21 AUGUST 1852, Page 11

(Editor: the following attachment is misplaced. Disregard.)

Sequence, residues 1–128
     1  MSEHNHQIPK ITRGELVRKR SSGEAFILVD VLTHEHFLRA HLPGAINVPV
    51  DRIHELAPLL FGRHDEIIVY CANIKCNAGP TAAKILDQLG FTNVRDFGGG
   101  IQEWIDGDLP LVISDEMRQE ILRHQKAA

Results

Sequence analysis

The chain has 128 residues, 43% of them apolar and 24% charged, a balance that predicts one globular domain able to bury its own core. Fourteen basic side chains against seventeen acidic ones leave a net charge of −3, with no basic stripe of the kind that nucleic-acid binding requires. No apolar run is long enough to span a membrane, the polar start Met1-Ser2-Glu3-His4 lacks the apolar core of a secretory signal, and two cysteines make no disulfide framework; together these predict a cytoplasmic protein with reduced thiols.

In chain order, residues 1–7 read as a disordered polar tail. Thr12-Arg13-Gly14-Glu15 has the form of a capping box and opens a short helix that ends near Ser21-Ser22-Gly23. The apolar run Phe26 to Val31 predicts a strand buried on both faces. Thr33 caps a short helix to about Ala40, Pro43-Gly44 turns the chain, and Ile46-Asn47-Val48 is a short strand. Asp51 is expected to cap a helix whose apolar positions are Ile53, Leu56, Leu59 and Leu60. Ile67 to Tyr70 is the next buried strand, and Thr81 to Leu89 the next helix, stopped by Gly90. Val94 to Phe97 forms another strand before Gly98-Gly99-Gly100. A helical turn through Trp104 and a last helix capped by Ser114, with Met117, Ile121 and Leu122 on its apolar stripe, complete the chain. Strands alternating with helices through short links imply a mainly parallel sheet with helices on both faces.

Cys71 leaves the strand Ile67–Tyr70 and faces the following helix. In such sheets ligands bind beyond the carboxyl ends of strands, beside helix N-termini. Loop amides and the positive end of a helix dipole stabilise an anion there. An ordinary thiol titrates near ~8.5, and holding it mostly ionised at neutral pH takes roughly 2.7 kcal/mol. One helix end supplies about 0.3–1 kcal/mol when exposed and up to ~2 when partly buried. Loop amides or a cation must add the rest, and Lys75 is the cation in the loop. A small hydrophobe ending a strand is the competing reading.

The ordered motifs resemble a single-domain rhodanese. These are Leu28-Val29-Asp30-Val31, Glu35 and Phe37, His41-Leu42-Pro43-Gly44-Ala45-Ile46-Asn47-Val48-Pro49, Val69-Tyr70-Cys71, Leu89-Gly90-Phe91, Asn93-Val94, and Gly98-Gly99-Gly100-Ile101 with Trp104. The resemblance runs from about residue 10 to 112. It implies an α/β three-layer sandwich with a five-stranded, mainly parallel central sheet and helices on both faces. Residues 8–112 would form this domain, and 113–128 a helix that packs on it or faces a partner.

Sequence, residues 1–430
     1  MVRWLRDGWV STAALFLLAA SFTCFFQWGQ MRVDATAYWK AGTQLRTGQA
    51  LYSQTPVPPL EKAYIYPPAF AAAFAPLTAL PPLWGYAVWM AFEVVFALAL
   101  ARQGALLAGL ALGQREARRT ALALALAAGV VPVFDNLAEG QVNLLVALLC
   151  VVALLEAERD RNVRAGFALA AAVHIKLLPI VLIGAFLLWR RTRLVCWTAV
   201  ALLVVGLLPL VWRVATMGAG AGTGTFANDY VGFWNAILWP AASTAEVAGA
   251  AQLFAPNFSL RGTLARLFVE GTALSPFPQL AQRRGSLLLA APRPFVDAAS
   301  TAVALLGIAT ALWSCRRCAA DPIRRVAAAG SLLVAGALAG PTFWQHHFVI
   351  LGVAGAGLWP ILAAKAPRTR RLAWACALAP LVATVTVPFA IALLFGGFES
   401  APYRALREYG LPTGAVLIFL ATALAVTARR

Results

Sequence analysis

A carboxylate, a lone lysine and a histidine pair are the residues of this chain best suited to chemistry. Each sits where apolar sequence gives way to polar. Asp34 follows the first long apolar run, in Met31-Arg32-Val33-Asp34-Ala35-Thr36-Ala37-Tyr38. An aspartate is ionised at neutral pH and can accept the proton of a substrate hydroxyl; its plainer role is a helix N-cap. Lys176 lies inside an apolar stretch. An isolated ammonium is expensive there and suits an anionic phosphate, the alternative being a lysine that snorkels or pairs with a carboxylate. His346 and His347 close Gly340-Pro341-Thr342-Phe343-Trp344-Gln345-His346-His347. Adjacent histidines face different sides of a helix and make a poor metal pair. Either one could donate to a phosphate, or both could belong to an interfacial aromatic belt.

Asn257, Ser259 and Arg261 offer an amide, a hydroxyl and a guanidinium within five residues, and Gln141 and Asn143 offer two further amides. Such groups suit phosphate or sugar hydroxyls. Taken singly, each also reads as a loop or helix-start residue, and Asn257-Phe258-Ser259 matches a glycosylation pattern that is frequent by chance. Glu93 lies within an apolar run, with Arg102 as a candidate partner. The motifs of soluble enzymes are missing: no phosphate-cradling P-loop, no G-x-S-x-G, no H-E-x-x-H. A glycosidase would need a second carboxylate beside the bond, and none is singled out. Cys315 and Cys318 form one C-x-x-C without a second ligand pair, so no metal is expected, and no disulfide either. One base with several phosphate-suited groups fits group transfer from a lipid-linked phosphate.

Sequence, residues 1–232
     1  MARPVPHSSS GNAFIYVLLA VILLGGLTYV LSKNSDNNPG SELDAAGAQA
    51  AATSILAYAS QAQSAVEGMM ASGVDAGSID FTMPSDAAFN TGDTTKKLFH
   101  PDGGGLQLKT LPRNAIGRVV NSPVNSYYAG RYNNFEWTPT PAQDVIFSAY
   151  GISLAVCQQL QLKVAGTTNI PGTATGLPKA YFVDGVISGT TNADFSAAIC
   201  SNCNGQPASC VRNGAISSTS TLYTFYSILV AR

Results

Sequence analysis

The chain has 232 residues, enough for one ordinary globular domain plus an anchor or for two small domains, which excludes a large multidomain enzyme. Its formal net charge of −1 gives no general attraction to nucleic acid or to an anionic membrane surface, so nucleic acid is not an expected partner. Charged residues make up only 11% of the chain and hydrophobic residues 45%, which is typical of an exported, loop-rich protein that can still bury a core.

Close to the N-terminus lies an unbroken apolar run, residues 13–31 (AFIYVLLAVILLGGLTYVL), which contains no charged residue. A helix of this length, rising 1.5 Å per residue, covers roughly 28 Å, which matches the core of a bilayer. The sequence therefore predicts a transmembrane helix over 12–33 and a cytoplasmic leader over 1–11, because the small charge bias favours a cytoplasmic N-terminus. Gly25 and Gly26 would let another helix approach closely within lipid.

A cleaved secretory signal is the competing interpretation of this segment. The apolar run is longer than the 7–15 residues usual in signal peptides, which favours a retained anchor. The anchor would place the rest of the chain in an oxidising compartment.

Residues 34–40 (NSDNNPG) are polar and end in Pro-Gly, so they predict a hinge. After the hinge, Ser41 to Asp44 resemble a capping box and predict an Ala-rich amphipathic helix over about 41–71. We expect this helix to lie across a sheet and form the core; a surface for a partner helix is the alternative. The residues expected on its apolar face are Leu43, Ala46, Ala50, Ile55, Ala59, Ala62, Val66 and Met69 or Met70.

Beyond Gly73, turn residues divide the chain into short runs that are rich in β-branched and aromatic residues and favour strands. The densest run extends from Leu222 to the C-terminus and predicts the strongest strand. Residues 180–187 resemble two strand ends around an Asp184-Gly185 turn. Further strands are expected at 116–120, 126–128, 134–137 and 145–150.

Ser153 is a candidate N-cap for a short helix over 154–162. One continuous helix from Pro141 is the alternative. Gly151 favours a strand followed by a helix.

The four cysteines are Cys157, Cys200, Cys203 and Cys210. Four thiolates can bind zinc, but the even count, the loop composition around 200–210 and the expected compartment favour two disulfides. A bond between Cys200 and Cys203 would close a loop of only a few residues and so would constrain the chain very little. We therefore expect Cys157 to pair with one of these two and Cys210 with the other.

THE subjects marked by our correspondents this week for dis- cussion in the Convocation of the Future are ample enough to furnish constant employment for that body should it ever suc- ceed in disentombiself from among the venerable unused relies of antiquity. The Guardian, ndeed, with express reference to our article of last week, coyly hesitates to acknowledge the settlement of doctrinal differences as a main object of the advocates of the movement. But, to say nothing of the Bishop of Exeter, whom we took as a fair representative of the most active and zealous among the Convocationists, the writer in the Guardian himself, by the very argument he uses, forces the conviction that this will and must be a leading topic of discussion. He says that doctrine is one and unchangeable,—implying that it needs no discussion or settlement; a statement which, if interpreted literally, is so coin- pktely the reverse of the fact, that its enunciation as a defensive argument only proves that the writer shares with us in a full sense of the difficulties that beset this branch of the ques- tion. Doctrine—objective truth—may be one and unchangeable, but the propositions in which men have from time to time ex- presssed their conceptions of objective truth are many and change- able, and are now, perhaps more than at any former time, the sub- jects of dispute and apparently kreconcileable difference. The answer, therefore, of our correspondent "F. T. C." may be considered as the more candid, when, after enumerating the doctrine, the dis- cipline the internal arrangements, and the external relations of the Church, as matters with which Convocation would have to do, he adds, "There could be no bounds set beyond which it should not go." Our correspondent certainly attempts no evasion of difficul- ties: whether his straightforwardness dispels the danger it boldly states and faces, is another question. Briefly, then the questions to come before Convocation may be divided into three kinds,—those which affect the property, the dis- cipline, (including government and alliances,). and the doctrine of the Church of England. Our object in recurring to the subject is to elicit from the advocates of Convocation, how far they have considered and are prepared to cope with difficulties inherent in the discussion of each of these ; how far in respect of them they have advanced from a region of desire and vague hope into one of definite aim and clear conception of means. "Church property" is a phrase that is apt to mislead people, and to induce them to talk as though the Church were a corporation holding property under a common seal, which property the corpora- tion may use as it pleases for its corporate purposes, and do any- thing it pleases with except alienate. Every one knows that this is not the case; but that, on the contrary, the body called the Church owns no property, has no power of controlling the use or disposal of an acre of ground or a penny of money. What goes by the name of Church property, is in fact the life-incomes of certain gentlemen, who, for the money they receive, do certain duties, to which they are appointed by persons whose legal right it is so to appoint under fixed conditions. These life-incomes are moreover localized, and not paid first into a common fond to be afterwards distributed according to the work done. When, there- fore, the advocates of Convocation talk of resettling Church pro- perty, this means, when translated into the vernacular, that they wish to claim for Convocation the power of redistributing an im- mense mass of property., over which thousands of private persons and thousands of localities have legally-recognized rights. What do they suppose is the reason why Parliament has never yet been able to reform the abuses of which they complain, in spite of re- forming feras, reforming ministers, and reforming volunteers P—The vested interests, that stereotyped obstruction, have been too strong for them. And has Convocation any spell, any sop, to drug this watchfuls of corruption, which has been too wide-awake for the ImperfrinLegislature? Bather, are not the vested interests strongest just in that body which is now seeking to free itself from all external influence ? The chances seem to be, that what Parliament could not do because of Church opposition, the Church is not likely to attempt if left to herself. Is it, besides, a modest or reasonable expectation, that the State should give to a renascent Ecclesiastical Synod such arbitrary powers as are im- 'Vied in this scheme over the rights and properties, of an incalcu- lable number of her subjects—that she should relegate to an un- tried tribunal so vast and important a cause ? Parliaments have seldom erred in this direction, and our English House of Commons certainly shows no tendency at present to let other bodies do its business, however incompetent for performance it may itself be. With respect to discipline, the chief difficulty is to conceive of any machinery by which it could be enforced without becoming either a galling tyranny and domestic inquisition or a puerile and ridiculous farce. Among Dissenters, we imagine it, without in- tending to give offence, to be the latter. A church cannot success- fully enforce however it may persuade to a morality or a religious observance in which public opinion does not back it ; and in that case, all that discipline could do is already effected, without the cumbrous machinery or the chances of abuse. It ought also to be very seriously considered, whether men or women ought, on any ground of misconduct, to be prevented from availing themselves of the means towards moral reformation, believed by the advocates of church discipline to lie in the worship and sacraments of the Church ; or whether, when such persons are inclined religiously for the moment, it is advisable to throw in the way of their good intentions so formidable an obstacle as a formal public act of con- fession and penitence. Such a plan, after a people has become dis- used to it, is much more likely to fill the rival chapel than the parish church. But our object is not to argue against the scheme, only to draw forth explanations of apparent difficulties.